Hey there! If you missed the most recent edition of my weekly On Being newsletter, here's the blog version of what you might have missed. Catch up right here with Parker Palmer's advice on the writing life, Sarah Blanton's "thin places" in Tennessee, a Nigerian novelist's superb TED Talk on the danger of a single narrative, the cosmic microwaves of the universe's origins, and so much more. If you'd like to receive it in your email inbox, sign up here.
For me, writing is a miraculous process. It's as miraculous as Spring itself, when buds arise from frozen ground and greenery leafs out from wood that's hard and unyielding.
For 50 years I've been writing almost daily. I'm driven not by expertise but by my own bafflement about many things — some of them "in here" and some of them "out there." Every time I write, I'm surprised by what I discover about myself and/or the world.
A recap of our favorite bits of curiosity from this week, including epistolary correspondence, Krista re-entering the Twitter fray, and a revival post. And a whole lot more!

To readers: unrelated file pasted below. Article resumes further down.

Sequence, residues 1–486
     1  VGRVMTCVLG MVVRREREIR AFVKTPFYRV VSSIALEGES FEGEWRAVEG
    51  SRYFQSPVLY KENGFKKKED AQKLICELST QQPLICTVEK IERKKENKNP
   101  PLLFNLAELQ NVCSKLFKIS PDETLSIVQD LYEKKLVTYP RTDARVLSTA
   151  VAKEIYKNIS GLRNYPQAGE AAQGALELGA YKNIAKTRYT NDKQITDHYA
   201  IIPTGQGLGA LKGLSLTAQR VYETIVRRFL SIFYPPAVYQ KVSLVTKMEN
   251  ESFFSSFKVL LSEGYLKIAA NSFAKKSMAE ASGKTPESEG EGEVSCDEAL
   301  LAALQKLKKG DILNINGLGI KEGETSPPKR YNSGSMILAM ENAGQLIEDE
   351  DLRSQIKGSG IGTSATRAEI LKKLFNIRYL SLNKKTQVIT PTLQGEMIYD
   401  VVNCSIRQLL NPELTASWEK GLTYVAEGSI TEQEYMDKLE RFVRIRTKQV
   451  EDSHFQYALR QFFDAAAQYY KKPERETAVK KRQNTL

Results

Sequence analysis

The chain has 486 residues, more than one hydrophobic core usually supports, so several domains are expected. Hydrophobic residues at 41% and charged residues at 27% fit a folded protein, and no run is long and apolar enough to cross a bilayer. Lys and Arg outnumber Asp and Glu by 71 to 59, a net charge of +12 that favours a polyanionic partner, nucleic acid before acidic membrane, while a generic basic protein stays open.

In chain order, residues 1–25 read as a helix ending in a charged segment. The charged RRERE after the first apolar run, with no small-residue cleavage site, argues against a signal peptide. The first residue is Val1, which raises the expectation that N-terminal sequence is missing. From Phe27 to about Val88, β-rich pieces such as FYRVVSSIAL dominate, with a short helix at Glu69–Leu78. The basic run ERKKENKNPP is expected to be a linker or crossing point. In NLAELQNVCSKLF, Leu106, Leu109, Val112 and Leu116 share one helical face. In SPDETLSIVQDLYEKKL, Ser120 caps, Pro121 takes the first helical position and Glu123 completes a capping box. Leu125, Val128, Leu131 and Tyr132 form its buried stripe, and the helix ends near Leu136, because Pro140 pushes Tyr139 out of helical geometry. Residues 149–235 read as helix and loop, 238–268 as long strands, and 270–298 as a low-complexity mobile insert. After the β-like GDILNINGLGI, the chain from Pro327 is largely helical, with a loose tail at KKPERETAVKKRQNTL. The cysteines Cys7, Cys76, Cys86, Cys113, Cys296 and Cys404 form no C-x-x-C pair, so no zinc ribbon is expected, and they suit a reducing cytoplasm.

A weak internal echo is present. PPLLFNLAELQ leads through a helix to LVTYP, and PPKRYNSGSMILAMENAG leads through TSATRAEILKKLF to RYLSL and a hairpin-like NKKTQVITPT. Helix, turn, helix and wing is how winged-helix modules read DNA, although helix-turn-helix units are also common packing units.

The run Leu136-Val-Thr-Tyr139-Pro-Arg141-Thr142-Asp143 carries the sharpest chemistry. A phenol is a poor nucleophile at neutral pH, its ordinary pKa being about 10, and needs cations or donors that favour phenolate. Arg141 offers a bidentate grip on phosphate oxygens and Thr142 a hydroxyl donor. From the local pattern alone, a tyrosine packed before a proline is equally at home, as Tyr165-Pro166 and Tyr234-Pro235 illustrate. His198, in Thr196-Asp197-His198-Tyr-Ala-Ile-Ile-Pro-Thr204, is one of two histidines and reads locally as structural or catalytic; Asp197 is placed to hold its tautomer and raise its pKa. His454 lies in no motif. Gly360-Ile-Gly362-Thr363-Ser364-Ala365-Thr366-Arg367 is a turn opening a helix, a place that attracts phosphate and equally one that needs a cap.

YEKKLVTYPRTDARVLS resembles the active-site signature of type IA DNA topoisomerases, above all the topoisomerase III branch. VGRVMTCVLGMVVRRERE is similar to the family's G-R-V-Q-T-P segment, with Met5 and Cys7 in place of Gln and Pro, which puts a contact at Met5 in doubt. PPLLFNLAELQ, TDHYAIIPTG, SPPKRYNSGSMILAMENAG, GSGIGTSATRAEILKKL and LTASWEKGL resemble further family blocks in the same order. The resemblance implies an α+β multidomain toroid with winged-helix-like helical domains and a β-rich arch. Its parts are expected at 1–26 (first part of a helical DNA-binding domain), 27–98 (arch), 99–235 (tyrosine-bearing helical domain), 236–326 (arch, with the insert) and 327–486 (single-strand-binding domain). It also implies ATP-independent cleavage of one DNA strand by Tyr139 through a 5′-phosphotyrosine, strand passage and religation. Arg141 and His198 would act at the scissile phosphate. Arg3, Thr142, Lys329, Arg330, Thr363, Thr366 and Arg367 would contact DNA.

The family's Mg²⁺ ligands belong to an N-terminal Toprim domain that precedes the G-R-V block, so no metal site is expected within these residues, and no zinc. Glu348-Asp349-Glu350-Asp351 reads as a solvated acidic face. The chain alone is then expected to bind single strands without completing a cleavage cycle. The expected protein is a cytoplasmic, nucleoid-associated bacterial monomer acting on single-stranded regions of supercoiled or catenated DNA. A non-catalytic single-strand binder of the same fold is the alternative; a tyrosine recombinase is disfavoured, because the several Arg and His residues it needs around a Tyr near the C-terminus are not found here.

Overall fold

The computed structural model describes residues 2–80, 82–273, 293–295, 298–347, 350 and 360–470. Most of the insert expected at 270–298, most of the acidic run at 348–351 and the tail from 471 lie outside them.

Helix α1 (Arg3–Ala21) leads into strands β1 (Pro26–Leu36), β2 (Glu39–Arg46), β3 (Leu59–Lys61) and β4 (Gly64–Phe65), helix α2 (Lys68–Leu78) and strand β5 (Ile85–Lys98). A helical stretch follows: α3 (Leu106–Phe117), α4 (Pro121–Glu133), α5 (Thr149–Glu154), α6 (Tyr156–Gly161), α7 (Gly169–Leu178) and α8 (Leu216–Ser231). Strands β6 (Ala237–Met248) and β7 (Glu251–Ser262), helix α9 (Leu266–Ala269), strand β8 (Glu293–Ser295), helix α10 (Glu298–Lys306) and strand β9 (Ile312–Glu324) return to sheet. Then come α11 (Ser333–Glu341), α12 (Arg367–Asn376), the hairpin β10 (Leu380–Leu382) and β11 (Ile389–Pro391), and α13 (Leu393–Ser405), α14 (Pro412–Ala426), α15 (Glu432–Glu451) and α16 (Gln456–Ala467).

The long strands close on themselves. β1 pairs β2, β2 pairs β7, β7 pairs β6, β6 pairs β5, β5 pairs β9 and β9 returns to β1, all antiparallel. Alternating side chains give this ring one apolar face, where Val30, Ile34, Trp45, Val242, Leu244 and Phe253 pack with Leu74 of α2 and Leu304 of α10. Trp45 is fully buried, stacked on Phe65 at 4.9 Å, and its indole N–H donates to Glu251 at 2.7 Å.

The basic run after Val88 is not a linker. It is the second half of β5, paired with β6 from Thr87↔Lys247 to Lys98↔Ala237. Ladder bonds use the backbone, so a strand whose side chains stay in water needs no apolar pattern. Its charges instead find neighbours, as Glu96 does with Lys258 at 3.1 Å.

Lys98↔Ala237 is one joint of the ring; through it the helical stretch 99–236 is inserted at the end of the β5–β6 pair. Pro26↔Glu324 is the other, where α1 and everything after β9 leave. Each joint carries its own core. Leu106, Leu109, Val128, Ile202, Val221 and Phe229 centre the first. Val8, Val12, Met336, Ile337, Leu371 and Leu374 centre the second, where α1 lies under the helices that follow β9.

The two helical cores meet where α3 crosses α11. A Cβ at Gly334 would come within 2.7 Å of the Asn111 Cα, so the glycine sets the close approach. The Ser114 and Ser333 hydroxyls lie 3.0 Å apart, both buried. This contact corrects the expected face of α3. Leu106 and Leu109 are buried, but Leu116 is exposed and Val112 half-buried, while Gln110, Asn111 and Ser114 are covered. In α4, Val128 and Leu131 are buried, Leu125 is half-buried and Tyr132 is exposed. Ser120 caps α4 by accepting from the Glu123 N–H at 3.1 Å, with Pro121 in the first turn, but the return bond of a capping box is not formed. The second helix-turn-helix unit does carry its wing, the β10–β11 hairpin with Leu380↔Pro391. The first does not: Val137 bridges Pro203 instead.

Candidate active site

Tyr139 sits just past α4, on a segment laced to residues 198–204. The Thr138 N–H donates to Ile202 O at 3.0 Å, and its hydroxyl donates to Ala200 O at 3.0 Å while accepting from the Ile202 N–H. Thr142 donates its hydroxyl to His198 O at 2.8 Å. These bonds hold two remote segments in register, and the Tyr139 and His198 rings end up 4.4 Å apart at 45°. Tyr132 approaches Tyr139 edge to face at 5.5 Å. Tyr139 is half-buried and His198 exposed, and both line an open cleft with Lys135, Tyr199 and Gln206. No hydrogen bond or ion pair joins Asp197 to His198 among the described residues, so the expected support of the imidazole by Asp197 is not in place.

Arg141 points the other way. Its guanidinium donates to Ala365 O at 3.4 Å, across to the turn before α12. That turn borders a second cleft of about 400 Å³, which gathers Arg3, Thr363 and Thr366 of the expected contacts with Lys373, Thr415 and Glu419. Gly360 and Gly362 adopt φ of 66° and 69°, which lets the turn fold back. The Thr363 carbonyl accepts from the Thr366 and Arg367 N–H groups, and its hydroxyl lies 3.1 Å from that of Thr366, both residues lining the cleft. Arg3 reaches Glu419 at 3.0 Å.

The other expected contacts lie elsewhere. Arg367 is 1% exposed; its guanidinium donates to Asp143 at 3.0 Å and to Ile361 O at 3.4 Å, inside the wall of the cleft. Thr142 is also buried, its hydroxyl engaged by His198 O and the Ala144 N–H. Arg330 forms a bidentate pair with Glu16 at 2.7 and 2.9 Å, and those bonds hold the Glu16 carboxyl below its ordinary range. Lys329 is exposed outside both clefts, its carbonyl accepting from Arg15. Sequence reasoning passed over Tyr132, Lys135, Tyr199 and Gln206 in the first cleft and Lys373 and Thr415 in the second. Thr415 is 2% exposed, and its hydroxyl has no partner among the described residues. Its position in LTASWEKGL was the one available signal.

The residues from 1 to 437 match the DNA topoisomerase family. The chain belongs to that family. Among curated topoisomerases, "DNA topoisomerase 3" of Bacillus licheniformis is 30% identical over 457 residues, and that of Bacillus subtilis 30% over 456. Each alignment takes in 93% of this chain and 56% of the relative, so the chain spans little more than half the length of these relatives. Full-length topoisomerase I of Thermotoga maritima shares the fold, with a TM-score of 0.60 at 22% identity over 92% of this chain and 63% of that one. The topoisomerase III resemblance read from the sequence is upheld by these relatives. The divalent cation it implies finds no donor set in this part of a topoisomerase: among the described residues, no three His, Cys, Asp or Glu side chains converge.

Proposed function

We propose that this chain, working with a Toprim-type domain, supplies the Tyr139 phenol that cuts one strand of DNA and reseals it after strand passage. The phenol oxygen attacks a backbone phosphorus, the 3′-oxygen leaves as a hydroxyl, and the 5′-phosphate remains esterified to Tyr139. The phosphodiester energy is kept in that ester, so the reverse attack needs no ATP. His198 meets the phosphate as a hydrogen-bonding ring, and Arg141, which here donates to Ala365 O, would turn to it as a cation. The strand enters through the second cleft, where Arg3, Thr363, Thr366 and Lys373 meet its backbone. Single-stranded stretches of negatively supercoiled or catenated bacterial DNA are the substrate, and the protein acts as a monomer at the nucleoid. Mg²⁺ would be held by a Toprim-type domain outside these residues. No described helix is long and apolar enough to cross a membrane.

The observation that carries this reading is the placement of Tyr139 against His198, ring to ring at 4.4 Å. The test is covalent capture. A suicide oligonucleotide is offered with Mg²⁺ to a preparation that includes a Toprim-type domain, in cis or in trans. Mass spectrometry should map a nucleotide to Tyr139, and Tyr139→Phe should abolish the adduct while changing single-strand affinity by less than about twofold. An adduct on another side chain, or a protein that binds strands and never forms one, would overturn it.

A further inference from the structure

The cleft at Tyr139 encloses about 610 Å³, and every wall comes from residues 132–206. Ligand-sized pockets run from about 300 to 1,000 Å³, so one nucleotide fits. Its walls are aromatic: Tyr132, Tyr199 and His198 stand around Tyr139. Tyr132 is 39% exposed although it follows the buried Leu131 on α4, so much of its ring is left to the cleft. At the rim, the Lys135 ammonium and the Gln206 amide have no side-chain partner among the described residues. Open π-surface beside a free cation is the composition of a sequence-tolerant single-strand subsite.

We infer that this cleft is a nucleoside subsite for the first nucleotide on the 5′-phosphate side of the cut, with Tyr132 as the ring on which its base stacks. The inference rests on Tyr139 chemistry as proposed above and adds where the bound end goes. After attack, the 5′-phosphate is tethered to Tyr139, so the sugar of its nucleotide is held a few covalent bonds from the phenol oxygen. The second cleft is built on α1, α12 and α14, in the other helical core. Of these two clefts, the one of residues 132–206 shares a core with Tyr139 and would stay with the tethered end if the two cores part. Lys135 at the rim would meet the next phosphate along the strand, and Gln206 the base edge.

An enchanting hour of poetry drawing on the ways family and religion shape our lives. Marie Howe works and plays with her Catholic upbringing, the universal drama of family, and the ordinary time that sustains us. The moral life, she says, is lived out in what we say as much as what we do — and so words have a power to save us.
During these days sacred to both Christians and Jews, a reflection on making space for recreating staid narratives and the new ones we all write together.